notes on Femme Spirituality

femme spirituality: “Spiritual practices and interpretations of sacred texts that honor the divine feminine, Mother Earth, sacred sexuality and LOVE above all else.” [source]

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i need femme-informed spirituality. i’m tired of this masc shit that’s all about the brain (often ignoring/denying the body), control and restriction, anti-pleasure.. i believe there’s ultimately a need for balance but i need to tip the scale in the direction of femme-dominant for now.

i need practices that don’t run away from, deny, or shame the shadow. ones that teach us how to look at it head-on, study it, learn its dimensions (Women Who Run with the Wolves type vibes)

paganism is femme – earth-centered spirituality: sexual, sensual, erotic, pleasure, death, rebirth, ritual, celebration, connection, nature, embodiment (listening to vs denying the body) — witchy vibes

complexity/moment of nuance & clarification: i struggle to speak about the concept of femme spirituality without it seeming inherently exclusionary. this isn’t about anatomy, it’s about having more options in the realm of understanding, celebrating, and working with the mystery of life.
i also don’t want to encourage binary ways of thinking, especially in relation to spirituality. we are all everything all at once, always, and i understand that’s too much for our human brains to hold. anyways, i digress.

here’s an excerpt from Holly Whitaker’s Quit Like a Woman to break down the contradiction between masc-informed spirituality and feminism.

[bolded/italicized for emphasis by me, along with some reformatting]

At the Root of This Longing is a book written by the author, scholar, and educator Carol Lee Flinders. Flinders holds a doctorate from UC Berkeley in comparative literature, with a focus on medieval women’s mysticism; she has lived for most of her life in a meditative co-op under the tutelage of Eknath Easwaran, an Indian-born spiritual teacher. Flinders is a feminist and a deeply committed meditation student and teacher, with a profound depth of knowledge about women mystics. Her life is devoted both to the telling of silenced women’s stories and meditative discipline, and she set herself on a course to understand why her feminism felt so at odds with her spiritual practice. In doing so, she identified four key areas where feminism and spirituality contradict each other.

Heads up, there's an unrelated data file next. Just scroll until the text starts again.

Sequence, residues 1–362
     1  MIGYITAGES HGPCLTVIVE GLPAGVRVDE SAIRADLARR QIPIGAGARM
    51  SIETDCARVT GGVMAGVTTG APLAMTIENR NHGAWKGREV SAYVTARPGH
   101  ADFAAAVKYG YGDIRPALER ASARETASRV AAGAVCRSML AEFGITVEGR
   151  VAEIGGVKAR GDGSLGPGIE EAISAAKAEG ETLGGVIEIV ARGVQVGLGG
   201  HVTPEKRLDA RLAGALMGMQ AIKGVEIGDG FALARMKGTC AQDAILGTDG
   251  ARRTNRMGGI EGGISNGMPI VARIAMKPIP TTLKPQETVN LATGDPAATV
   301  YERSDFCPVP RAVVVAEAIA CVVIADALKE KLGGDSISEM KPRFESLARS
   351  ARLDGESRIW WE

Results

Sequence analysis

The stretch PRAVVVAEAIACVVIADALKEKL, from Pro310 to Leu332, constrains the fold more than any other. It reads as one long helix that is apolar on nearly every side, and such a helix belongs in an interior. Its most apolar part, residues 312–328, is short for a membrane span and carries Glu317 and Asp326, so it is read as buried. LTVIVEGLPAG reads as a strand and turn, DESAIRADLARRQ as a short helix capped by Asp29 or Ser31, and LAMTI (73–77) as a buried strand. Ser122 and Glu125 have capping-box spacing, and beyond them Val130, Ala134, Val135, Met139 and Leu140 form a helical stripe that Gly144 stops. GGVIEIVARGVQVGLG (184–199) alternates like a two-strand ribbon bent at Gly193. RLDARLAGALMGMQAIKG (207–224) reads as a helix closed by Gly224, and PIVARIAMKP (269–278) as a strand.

According to Flinders, all religious and spiritual traditions and specifically meditative practices—because they were built by men and for men—promote the following:

  1. self-silencing;
  2. self-naughting (destruction of the ego);
  3. resisting desire; and
  4. enclosure (turning inward, sealing off from the world).

As a feminist, naming these four requirements of transcendence troubled her. “I realized that however ancient and universal these disciplines may be, they are not gender neutral at all. Formulated for the most part within monastic contexts, they cancel the basic freedoms—to say what one wants, go where one likes, enjoy whatever pleasures one can afford, and most of all, to be somebody—that have normally defined male privilege” (emphasis mine).

What she is saying is that the underlying precepts of a spiritual path—in every lineage from which there is a path—seek to define a degree of spiritual freedom through reversal of status. And who has had that status in societies all over the world for the last few thousand years? Men. “Women, on the other hand,” she wrote, “have not been in a position to renounce these privileges voluntarily because they have never had them in the first place.” In fact, “they are terms of our subordination.”

When I read those lines in her book after that conversation with Cath, every hair on my body stood at attention because finally, finally, someone had put into words the thing that had been screaming in me since I was first told that my failure to submit to AA was really my ego run amok. Finally, what I read was: It makes sense that a woman might entirely refuse a program that asked her to give up something she’s not only never had, but was finally just grasping: a sense of self, a voice, a sense of her own desires, freedom in a world not made for her.

The opposite of these precepts, as argued by Flinders, is to
(1) “find your voice; tell your story, make yourself heard”;
(2) “know who you are. Establish your authentic identity or selfhood. Identify your needs and learn how to meet them”;
(3) “reclaim your body, and its desires, from all who would objectify and demean it, whether it’s the fashion industry, pornographers, or even the medical establishment. Recognize the hatred of the female body that pervades contemporary culture, and oppose it”; and
(4) “move about freely and fearlessly. Take back the streets. Take back the night and the day.

❤ ❤ ❤ much luck out there; take care ❤ ❤ ❤

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